Typically I like to keep things pretty sports-centric around here, but since like 20% of the country watches Dancing with the Stars when it’s on TV, I figure some of you have to be one of those one-in-five watching (unless we all make up the other shmoes watching SportsCenter). Anyway, I had the pleasure of speaking with Karina Smirnoff, one of the best dancers in the world. She just made FHM’s 100 Sexiest list, and she’s dating A.C. Slater from Saved by the Bell. Karina’s in the middle of her fourth season on the show and has been partnered with boxing star Floyd Mayweather Jr. in the past. I asked her what it was like for Floyd to take orders from a woman, how tough this whole dancing thing really is, and how much funny business goes on behind the scenes. Our interview follows, and make sure to vote for Karina Monday night and Tuesday morning (text 3405). And if you’re not going to vote, just remind your wife, girlfriend, and kids to do so. Besides, do you really want Jason Taylor or Kristi Yamaguchi whatever to win? Didn’t think so. OK, check out the interview …
One of the best writers and bloggers out there, if not busiest, is Michael David Smith. Smith writes regularly for FanHouse, Pro Football Talk, the New York Sun, Football Outsiders and FoxSports.com. He has also written about football for the New York Times, the Orange County Register, Deadspin, The New Republic Online and ESPN the Magazine, and he appears regularly on WSCR radio in Chicago. He has contributed to several books, including the annual Pro Football Prospectus. His weekly feature, Every Play Counts, was described by the Wall Street Journal’s Daily Fix as “packing more game analysis into a single column than many beat writers display over a full season,” and in August SI.com named him one of its 10 notable sports media people of the month. Smith is a graduate of the University of Illinois and lives in Chicago with his wife, a lawyer. Somehow I was lucky enough to pull MDS away from one of his several gigs to answer some questions about himself and his thoughts on the industry. Our interview follows.
1. Take us through your career path. When did you start writing about sports and how and when did you get hooked up with all your current gigs?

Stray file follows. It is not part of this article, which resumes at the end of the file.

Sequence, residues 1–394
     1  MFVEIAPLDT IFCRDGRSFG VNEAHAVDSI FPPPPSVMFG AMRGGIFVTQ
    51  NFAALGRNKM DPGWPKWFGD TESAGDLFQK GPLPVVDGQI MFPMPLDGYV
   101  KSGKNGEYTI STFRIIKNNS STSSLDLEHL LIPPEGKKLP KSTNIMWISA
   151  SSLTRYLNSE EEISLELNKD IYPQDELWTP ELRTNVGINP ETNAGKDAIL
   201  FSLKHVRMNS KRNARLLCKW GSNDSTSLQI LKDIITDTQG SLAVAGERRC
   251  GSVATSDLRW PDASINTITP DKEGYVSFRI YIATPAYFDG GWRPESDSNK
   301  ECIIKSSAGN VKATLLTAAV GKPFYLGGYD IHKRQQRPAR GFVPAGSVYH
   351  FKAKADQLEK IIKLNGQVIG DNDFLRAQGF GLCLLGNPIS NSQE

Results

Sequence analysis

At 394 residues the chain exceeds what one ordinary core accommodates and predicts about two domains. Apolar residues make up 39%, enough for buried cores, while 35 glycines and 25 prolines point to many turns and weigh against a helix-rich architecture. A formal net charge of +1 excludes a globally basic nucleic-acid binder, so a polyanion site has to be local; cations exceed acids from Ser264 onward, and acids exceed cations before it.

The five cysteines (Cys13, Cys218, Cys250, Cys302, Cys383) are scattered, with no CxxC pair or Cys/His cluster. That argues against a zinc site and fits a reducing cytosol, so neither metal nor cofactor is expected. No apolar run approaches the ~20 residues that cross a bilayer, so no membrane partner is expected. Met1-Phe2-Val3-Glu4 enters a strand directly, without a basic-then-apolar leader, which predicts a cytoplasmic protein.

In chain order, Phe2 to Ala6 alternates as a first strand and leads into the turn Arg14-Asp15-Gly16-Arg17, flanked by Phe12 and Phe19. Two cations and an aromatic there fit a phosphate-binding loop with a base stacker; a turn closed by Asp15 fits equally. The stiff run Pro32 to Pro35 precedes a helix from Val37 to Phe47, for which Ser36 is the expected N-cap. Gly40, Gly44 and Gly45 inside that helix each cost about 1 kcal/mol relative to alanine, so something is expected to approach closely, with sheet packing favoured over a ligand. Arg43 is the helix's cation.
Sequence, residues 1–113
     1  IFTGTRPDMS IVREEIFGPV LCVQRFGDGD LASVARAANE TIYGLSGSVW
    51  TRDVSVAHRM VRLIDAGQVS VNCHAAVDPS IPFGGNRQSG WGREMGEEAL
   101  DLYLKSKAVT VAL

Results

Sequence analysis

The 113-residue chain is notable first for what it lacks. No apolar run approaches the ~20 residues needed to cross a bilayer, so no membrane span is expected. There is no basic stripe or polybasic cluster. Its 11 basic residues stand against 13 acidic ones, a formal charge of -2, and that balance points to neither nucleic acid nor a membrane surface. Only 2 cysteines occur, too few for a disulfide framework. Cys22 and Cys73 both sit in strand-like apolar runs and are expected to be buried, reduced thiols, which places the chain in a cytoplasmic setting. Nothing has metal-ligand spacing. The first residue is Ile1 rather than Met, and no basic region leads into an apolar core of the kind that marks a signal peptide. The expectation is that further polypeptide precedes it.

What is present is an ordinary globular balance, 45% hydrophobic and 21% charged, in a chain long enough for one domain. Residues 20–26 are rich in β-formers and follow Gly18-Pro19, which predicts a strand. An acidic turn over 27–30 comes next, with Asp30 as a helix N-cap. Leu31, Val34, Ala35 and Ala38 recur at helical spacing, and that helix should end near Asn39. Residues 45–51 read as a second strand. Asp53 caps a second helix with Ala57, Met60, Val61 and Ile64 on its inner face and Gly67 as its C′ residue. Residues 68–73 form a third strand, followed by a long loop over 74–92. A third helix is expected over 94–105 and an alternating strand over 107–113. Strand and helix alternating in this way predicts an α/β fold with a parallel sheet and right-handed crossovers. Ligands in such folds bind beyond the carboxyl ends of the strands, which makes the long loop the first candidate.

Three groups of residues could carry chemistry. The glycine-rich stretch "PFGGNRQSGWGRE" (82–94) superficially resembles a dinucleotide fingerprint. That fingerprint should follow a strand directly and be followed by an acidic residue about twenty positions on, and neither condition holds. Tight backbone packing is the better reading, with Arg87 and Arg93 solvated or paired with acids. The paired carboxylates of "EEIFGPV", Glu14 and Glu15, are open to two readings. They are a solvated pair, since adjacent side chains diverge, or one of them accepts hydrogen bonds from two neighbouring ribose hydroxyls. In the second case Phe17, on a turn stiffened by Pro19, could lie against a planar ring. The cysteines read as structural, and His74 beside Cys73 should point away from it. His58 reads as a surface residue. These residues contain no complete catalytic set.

I started writing at the Daily Illini, the student newspaper at the University of Illinois, during my freshman year there, 1995. I hardly ever wrote about sports, though: The football team was horrible, the basketball team was mediocre and I was more into writing news and feature stories. I worked there all four years I was in college and was the editor in chief my senior year, and it was a great experience.
Although I wasn’t on the sports staff at the student paper, I did, during my junior year, start sending around a weekly e-mail to my friends about my thoughts on the NFL. I really don’t know what inspired me to do that, and I’m sure a large portion of my friends just deleted the e-mail every week without reading it, but some people told me they really liked it, and I knew writing about the NFL was something I wanted to do. At that time, though, I thought it would require the traditional journalism career path: You take a job at a small paper covering high school sports or something, and you work your way up. I didn’t find that particularly appealing.
Longtime readers of the site are probably familiar with Rachel Specter. Yes, she’s the hottie from the RGX commercials you see airing constantly on ESPN while you’re watching sports. She’s been working on several movies this summer, and is set to appear in the October issue of Maxim. Luckily for us, I was able to run her down for an interview. We talked about her career, how she landed the commercials, and how her life and popularity has changed since starring in the commercials. Our conversation follows:
How did you get the RGX gig in the first place?
I always wanted to act and grew up doing whatever I could do in Tampa Florida, which is not very much. When I was in college, I spent a couple summers in New York and interned at a talent agency and learned about the whole industry. As soon as I graduated, I moved to LA. I started the way that most people started who didn’t really have any connections because I didn’t know one single person in LA. I started sending head shots and went through the process of trying to get an agent and then started auditioning. With the commercials, I had done a bunch of national commercials before this so this audition was just like any other audition. I went to it and ended up getting it. For the first audition, I read that they had six commercial spots and you had to read all of them. Then it was funny at the callback a lot of these things that you go to you see different versions of yourself just like all these girls that kind of look similar to you. So it was like walking into a room with all these pretty brunette girls. And I ended up getting it which was awesome because it’s been really great for me.
Whether it was catching a freeze frame of a pantyless USC Song Girl, or a quote from Matt Vasgersian ripping on the city of St. Louis, Awful Announcing has become a prominent player on the sports blogging scene. It has long been a favorite stop of mine, providing excellent commentary and news in the realm of sports broadcasting. For that reason, I wanted to get in touch with Brian Powell, the founder and man behind Awful Announcing, and find out what makes him tick. Our Q&A session follows.
1.What was the inspiration to start the blog? Was there a particular moment when you were watching a sporting event and the announcer pissed you off to the point where you felt you had no choice?